Perovskite solar cell performance

For comparing the performance and device-relevant characteristics of SAM-based solar cells, we chose to focus our analysis on the so called “triple cation” perovskite absorber76 Cs5(MA17FA83)95Pb(I83Br17)3 (CsMAFA), which is widely used due to its high reproducibility. The various hole-selective contacts (HSCs) are compared using the device design as shown in Fig. 1a. Since the polymeric hole transport material PTAA is currently being used in the highest-performing p–i–n PSCs,27,34,36 we compare the SAM-based cells to PTAA-based PSCs and analyze the perovskite film and device properties. To keep the devices as simple as possible, the SAM and PTAA cells do not contain any interfacial compatibilizers, additives or doping. As such, our PTAA control cells are comparable to state-of-the art ones as found in literature.27,77

Fig. 3a shows JV characteristics under simulated AM 1.5G illumination of best PSCs obtained on the respective HSCs in forward (JSC to VOC) and reverse scan (VOC to JSC) direction, with continuous maximum power point (MPP) tracks in the inset. Their photovoltaic parameters are summarized in Table 1. A statistical comparison of the PCEs is plotted in Fig. 3c with 41–53 solar cells per HSC (other device metrics in Fig. S7 in the ESI). From the JV curves, we obtain that hysteresis is overall negligible with MPP-tracked efficiencies close to the respective JV scan values and the fill factor (FF) is overall comparable at around 80% between all PSCs. Fig. 3b displays the external quantum efficiencies (EQEs) of the best devices as well as the integrated product of EQE and AM 1.5G spectrum. The JSC values from EQE integration have a negligible difference to the JSC values obtained from the JV scans (∼1%). The most striking difference between the HSCs is visible in the open-circuit voltage (VOC), with a difference of 63 mV between PTAA and 2PACz. For the most efficient 2PACz solar cell, a VOC of ∼1.19 V is measured, which is among the highest for this perovskite composition and device architecture, and the highest for CsMAFA cells without interlayers, dopants or additives. Overall, the PCE trend resembles the increase in VOC and both MeO-2PACz and 2PACz solar cells surpass the efficiency of PTAA cells, with 2PACz yielding the highest efficiency of 20.9% in JV scan and 20.8% in the maximum power point (MPP) track. One of the 2PACz cells was masked, encapsulated and sent to Fraunhofer ISE for certification (see Fig. S23–S25 (ESI) and red star in Fig. 3c). The certified MPP performance of 20.44% is close to our in-house measurement of 20.7% of that specific cell, validating our analysis. Interestingly, all SAM-based cells show a lower leakage current compared to a champion PTAA cell with a ∼10 nm thick PTAA polymer film (see Fig. 3d). This finding demonstrates that the formed SAMs are dense enough (with regard to number of molecules per surface area) to provide efficient rectification, even though this is just one molecular layer covering the ITO surface.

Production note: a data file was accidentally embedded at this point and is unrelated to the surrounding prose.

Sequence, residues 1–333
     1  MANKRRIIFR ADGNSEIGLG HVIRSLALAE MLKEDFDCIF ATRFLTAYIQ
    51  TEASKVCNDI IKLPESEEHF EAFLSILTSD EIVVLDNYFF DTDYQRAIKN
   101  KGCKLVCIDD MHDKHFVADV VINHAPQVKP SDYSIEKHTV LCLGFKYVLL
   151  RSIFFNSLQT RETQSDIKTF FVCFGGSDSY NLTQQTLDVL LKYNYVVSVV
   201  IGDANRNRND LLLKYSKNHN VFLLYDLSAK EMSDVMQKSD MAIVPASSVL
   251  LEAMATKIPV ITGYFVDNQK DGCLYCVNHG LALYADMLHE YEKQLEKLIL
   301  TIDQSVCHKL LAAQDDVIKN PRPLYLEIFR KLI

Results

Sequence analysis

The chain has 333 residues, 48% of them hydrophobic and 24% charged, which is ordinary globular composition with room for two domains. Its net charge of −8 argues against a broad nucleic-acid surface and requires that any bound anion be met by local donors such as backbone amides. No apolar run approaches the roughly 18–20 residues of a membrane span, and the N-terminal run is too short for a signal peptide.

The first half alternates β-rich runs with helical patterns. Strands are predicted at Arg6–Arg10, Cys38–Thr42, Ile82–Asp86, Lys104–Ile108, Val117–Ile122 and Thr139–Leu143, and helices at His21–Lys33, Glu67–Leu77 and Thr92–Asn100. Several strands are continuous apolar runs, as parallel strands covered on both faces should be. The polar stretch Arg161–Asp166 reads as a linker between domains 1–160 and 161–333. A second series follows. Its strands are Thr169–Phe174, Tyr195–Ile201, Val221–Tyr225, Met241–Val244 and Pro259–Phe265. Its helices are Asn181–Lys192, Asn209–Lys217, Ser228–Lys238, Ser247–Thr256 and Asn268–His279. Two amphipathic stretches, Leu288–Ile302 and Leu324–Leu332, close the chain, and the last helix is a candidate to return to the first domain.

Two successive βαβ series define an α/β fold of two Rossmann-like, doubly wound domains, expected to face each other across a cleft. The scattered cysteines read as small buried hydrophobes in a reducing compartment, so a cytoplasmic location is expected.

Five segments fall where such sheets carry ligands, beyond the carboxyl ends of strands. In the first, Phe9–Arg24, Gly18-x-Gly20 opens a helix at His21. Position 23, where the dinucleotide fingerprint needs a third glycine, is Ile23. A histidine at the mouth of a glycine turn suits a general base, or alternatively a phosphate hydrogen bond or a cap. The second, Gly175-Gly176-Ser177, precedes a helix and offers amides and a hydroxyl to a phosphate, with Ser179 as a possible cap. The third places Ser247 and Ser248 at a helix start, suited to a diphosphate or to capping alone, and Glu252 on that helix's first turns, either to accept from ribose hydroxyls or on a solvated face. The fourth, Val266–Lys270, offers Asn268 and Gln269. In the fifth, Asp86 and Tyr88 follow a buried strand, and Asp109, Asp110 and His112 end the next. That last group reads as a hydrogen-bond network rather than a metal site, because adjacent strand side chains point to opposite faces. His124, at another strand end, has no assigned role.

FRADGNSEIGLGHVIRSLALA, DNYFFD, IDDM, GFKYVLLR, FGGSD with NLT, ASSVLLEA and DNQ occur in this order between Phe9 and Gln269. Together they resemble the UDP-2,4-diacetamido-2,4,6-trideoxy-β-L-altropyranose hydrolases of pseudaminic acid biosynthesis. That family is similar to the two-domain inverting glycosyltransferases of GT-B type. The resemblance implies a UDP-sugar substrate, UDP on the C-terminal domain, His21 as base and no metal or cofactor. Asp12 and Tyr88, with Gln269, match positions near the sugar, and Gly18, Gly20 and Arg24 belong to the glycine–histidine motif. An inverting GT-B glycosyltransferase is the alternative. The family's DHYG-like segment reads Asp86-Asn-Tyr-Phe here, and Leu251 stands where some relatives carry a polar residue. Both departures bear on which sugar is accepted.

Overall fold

image file: c9ee02268f-f3.tif
Fig. 3 Device-related analysis of SAM-based solar cells in comparison to state-of-the-art PTAA solar cells with triple cation perovskite absorber. (a) JV curves under simulated AM 1.5G illumination at a scan rate of 250 mV s−1 in forward (JSC to VOC, dashed) and reverse scan (VOC to JSC, solid) with respective MPP tracks in the inset. (b) External quantum efficiency (EQE) spectra of best solar cells and corresponding integration of the product of EQE and AM 1.5G spectrum (right axis). (c) Box plot of power conversion efficiency (PCE) values for 41 V1036, 53 PTAA, 47 MeO-2PACz and 46 2PACz solar cells. (d) Typical JV curves measured under dark conditions of the respective hole-selective contacts.
Table 1 Photovoltaic parameters from JV scans under illumination in reverse scan direction together with the efficiency of MPP tracking of best CsMAFA perovskite solar cells based on the different investigated hole-selective contacts
HSC J SC (mA cm−2) J SC_EQE (mA cm−2) V OC (V) FF (%) PCE (JV) (%) PCE (MPP) (%)
V1036 21.2 21.1 1.041 79.3 17.5 16.9
PTAA 21.5 21.7 1.125 79.3 19.2 18.9
MeO-2PACz 22.2 22.5 1.144 80.5 20.4 20.2
2PACz 21.9 21.9 1.188 80.2 20.9 20.8